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The future looks healthy

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The future looks healthy

Vitamin SC is a new campaign launched by Sunshine Coast Council to encourage new businesses to set up in our region, creating more local jobs for future generations.

Thanks to the new state-of-the-art city centre at Maroochydore, an international runway, and international submarine cable, the Sunshine Coast is already a magnet for big thinkers and innovative business people.

In a campaign to further highlight these features and attract even more work and economic opportunities to the region, while keeping the relaxed Sunshine Coast lifestyle at the forefront, the Sunshine Coast Council is launching Vitamin SC (Sunshine Coast).

The campaign title is a quirky take on  the positive benefits a boost of  vitamin C  brings to our bodies. However, in this campaign – the emphasis is on the benefits a boost of  Vitamin SC brings to business. For instance, it points to the Coast’s affordable business locations,  growing regional economy, the region’s broadband cable’s superfast data speeds, $12.5 billion in Sunshine Coast infrastructure investment, and supportive business networks.

The council’s economic development portfolio councillor Terry Landsberg says the campaign is aimed at out-of-town business leaders, encouraging them to consider the Sunshine Coast as a potential business location for some or all of their operations.

“By attracting these entrepreneurs to the Sunshine Coast, we are future proofing our region and ensuring our residents can grow up here, study locally and secure a prosperous career here,” Cr Landsberg says.

“Thanks to the region-shaping infrastructure projects delivered by the council, state and federal governments and the commercial sector, the Sunshine Coast is offering just that opportunity.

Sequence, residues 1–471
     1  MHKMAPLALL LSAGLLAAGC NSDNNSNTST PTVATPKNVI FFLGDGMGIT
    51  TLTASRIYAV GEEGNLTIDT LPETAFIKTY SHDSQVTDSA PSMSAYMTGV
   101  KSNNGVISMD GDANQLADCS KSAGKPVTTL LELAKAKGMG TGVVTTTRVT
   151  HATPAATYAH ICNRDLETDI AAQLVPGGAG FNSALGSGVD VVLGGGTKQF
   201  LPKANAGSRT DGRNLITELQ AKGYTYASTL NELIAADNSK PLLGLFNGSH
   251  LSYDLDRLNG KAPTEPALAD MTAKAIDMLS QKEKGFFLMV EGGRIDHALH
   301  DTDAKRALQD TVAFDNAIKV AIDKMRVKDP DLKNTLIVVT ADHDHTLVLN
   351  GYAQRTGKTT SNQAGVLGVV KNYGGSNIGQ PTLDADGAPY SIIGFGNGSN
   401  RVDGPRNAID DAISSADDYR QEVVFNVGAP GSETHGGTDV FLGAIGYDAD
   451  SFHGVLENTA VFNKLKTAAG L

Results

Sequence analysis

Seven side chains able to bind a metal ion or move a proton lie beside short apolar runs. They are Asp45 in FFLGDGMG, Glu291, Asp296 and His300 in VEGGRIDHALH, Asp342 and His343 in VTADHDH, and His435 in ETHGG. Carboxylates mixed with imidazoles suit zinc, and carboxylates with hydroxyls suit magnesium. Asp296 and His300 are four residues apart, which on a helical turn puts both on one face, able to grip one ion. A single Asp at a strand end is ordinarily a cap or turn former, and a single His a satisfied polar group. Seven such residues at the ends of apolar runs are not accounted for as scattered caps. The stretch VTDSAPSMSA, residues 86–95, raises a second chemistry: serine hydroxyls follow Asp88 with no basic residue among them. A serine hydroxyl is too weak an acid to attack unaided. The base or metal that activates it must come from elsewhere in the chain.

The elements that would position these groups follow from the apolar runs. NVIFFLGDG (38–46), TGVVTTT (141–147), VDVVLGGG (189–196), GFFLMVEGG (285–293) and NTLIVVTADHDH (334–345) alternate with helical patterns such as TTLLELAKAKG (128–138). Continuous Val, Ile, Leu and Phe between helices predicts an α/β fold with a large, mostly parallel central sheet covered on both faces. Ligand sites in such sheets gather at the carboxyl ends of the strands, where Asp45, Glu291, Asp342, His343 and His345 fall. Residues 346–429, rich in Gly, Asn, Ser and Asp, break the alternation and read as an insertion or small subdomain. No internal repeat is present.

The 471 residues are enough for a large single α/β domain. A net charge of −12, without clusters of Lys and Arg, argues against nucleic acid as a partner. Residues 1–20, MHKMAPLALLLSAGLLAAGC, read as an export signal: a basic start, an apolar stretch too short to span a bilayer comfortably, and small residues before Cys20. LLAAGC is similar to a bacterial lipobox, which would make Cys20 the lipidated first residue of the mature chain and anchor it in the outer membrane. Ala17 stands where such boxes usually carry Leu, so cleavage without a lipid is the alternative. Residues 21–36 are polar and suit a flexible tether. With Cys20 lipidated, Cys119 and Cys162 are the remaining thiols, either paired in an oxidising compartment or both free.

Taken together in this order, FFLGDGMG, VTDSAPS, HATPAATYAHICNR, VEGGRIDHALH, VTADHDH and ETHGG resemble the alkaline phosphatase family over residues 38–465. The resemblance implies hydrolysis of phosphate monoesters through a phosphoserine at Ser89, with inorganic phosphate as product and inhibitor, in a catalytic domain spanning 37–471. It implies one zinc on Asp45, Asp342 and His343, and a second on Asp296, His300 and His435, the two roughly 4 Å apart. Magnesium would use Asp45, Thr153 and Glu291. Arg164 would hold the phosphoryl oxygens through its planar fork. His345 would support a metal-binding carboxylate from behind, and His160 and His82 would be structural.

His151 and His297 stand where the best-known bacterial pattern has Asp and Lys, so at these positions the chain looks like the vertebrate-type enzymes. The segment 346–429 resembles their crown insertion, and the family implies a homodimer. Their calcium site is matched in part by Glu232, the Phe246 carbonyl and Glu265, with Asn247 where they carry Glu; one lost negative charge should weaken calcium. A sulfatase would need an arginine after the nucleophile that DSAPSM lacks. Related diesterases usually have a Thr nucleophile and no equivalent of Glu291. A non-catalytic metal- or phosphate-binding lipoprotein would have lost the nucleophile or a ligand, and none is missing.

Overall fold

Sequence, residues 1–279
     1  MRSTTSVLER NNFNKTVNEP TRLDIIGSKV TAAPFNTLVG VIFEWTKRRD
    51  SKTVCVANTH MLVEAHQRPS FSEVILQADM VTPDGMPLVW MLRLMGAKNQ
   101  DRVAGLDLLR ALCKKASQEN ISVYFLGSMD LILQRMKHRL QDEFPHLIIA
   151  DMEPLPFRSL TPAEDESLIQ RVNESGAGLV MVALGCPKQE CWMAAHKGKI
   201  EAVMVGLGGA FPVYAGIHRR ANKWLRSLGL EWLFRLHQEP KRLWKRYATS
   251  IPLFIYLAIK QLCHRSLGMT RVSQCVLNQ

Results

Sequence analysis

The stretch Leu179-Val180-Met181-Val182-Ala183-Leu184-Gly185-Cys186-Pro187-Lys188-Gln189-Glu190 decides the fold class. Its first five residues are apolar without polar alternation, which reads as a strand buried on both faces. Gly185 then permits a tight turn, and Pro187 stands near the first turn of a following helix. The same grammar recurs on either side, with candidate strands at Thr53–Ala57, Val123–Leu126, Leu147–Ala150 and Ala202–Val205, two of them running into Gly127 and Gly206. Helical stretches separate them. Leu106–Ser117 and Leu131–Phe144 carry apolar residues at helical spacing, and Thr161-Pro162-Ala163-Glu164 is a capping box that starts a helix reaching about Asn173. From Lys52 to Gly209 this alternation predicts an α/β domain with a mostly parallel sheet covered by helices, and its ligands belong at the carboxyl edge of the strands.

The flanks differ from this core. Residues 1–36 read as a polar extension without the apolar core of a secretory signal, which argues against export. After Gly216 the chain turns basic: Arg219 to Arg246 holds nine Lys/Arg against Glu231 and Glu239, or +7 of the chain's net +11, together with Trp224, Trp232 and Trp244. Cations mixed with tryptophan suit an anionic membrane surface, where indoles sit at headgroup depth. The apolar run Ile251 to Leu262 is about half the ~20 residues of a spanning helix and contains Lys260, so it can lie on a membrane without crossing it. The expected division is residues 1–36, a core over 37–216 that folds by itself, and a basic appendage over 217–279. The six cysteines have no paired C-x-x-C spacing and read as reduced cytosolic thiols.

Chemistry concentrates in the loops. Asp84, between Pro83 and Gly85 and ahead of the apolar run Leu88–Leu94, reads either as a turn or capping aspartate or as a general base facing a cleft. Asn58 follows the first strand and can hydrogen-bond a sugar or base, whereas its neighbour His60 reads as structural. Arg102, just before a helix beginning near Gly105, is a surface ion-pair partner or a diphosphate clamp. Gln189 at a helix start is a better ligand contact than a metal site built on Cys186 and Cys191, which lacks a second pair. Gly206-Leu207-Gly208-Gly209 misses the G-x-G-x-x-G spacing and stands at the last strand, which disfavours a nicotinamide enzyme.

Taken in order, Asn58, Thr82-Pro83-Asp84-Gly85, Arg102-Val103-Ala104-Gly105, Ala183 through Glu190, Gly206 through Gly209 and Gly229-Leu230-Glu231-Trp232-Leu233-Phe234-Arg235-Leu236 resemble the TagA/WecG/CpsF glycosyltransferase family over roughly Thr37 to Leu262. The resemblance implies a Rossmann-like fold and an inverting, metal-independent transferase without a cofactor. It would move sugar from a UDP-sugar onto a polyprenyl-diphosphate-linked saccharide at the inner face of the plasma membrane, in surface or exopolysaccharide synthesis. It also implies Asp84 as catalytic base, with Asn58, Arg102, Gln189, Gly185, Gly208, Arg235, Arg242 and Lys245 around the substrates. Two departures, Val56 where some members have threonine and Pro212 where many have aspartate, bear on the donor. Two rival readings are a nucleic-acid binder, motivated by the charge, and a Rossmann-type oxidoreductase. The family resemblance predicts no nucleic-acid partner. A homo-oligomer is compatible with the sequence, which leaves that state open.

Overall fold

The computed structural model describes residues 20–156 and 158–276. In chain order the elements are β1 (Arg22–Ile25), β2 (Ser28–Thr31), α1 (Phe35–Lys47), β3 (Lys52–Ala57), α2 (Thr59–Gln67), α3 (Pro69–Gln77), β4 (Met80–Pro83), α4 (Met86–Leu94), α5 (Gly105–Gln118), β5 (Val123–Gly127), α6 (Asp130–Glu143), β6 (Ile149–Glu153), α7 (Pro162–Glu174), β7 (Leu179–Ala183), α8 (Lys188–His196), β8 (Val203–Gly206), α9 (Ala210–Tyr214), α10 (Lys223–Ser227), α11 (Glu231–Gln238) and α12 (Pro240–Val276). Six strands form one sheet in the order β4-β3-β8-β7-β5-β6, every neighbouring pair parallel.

“This is the smart place for businesses. We are opening up new and exciting employment opportunities including professional jobs our residents would otherwise need to relocate to, outside the Sunshine Coast.”

“The Vitamin SC video series highlights some of our very best entrepreneurs and the perks they enjoy by working here.”

Cr Landsberg says the Vitamin SC campaign is not designed to attract more people to the region. Rather, it aims to attract new businesses that will provide new high-value employment opportunities.

Caloundra Chamber of Commerce CEO Brady Sullivan says as the region continues to grow, it is important to have conversations about talent development and retention.

He says the Sunshine Coast is no longer just a region where people come to live by the beach and work in hospitality and retail, but a place where children can grow up to become lawyers and engineers in their own backyard.

“We need to be saying to people there are significant job opportunities here across a range of roles,” Mr Sullivan says.

“It’s no longer just hospitality roles, we have three insurance firms in town now. You can come here and choose to be a lawyer or an engineer or you can pull beers or work in retail – all the jobs are here.

“We need to be future focussed in developing talents and create a 10-year plan to develop talent and opportunity for kids on the Coast.

“We need to say we understand what the future trajectory looks like here on the Sunshine Coast.”

Mr Brady says in the Caloundra area the once 75-plus age demographic is becoming younger, with many residents between 45 and 60. He says Aura is attracting an average age of 29.3 who, for the next 10 to 15 years, will be locked into the region raising children and paying mortgages.

“That age down there is really young and if that pool of people is in their thirties across the next 10 years, then their interest is developing opportunity and jobs and I think that’s where that future focus is.

“We don’t need to lose the feel and culture of the Sunshine Coast, we just need to be having a future-focused conversation on what the Sunshine Coast looks like in 15 years’ time and what we need to do to bridge that gap.”

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